Another fine release in Naxos' "American Classics" series, this disc is devoted to George Frederick McKay (1899-1970). Born in the state of Washington, he eventually returned there; he was a professor at the University of Washington in Seattle from 1927 until 1968. In the meantime, he received his education at the Eastman School of Music, earning the first degree in composition awarded by that institution. His teachers included Christian "Rustle of Spring" Sinding. His pupils include William Bolcom and John Cage.
The Violin Concerto (1940) is an imposing work, stylistically not far removed from Barber's work in this genre, although with a good dash of Sibelius' concerto, too. (Some might say that Barber plus Sibelius equals Howard Hanson, and in this case they wouldn't be too far from the mark.) McKay entered the concerto the following year in a competition established by Jascha Heifetz. It received only an honorable mention among the works submitted, although it appears that Heifetz singled the concerto out for praise. The work is in three connected movements. McKay's concerto, romantic yet unmistakably modern and American, is a fine example of how tonality had hardly been squeezed dry in the years leading up to World War Two.
Louis Bourgeois was a 16th-century French Calvinist. He was sent to Switzerland to create new adaptations of hymns in the Geneva Psalter. The five selections in McKay's Suite on Sixteenth Century Hymn Tunes are adapted from Bourgeois's work. Originally written for organ in 1945, McKay transcribed it for two string orchestras in 1962. (A celesta is added in the fourth movement.) The music, which retains the charming antiquity of the source material, is dignified and moving. Nevertheless, the richness of McKay's string arrangements recalls even Vaughan Williams' Fantasia on a Theme of Thomas Tallis.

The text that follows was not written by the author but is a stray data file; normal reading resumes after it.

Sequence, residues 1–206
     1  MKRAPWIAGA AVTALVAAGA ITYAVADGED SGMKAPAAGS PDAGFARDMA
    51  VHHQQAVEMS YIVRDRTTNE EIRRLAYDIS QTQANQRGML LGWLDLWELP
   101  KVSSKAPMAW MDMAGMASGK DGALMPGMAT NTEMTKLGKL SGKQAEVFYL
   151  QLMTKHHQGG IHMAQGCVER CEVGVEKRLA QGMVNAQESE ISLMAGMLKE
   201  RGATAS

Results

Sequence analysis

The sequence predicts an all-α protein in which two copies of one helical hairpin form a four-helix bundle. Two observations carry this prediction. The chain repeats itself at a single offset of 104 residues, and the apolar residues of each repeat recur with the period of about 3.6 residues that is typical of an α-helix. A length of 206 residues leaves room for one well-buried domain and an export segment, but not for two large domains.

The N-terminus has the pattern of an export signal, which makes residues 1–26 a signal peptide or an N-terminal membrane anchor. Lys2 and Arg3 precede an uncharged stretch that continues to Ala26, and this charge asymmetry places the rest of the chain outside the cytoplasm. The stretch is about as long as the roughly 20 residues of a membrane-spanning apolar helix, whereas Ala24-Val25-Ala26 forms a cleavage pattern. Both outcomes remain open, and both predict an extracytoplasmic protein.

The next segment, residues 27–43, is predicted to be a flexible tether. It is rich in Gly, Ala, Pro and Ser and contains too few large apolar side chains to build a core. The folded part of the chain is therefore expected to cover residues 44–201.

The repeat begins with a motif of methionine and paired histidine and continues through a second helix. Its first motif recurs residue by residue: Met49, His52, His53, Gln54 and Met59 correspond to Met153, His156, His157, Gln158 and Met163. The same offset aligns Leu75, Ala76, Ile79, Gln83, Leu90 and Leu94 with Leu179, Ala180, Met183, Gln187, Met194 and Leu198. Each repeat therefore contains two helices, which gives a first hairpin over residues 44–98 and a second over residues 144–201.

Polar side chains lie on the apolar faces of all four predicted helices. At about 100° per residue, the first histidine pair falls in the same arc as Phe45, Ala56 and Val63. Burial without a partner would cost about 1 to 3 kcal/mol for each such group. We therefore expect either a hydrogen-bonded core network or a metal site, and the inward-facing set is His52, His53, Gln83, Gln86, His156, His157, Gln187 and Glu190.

In the Sinfonietta #4 (1942), McKay moves away from the lushness of the Violin Concerto. The first movement is busy and jagged-edged. The middle movement (marked "Moderato pastorale") has the feel of a nature piece, or of a sort of Native American blues. The finale regains the bustling character of the opening movement, but is much more cheerful.
Based on the song of a meadowlark he had heard in the Dakotas, McKay wrote Song Over the Great Plains (1953) to be another nature piece. A solo piano represents the meadowlark's call, and the orchestra "paints" the lonely beauty of the Great Plains to telling effect. Next to McKay's work, Ferde Grofé's Grand Canyon Suite sounds very naïve.
The Ukrainian orchestra plays McKay's music as if they were a bunch of Westerners to the manner born. The conductor (not to be confused with John Williams the guitarist or John Williams the film composer and former conductor of the Boston Pops) has made several fine recordings, of which this is only the most recent. The engineers have captured it all in resplendent sound. Don't hesitate – this is lovely and memorable.
Copyright © 2005, Raymond Tuttle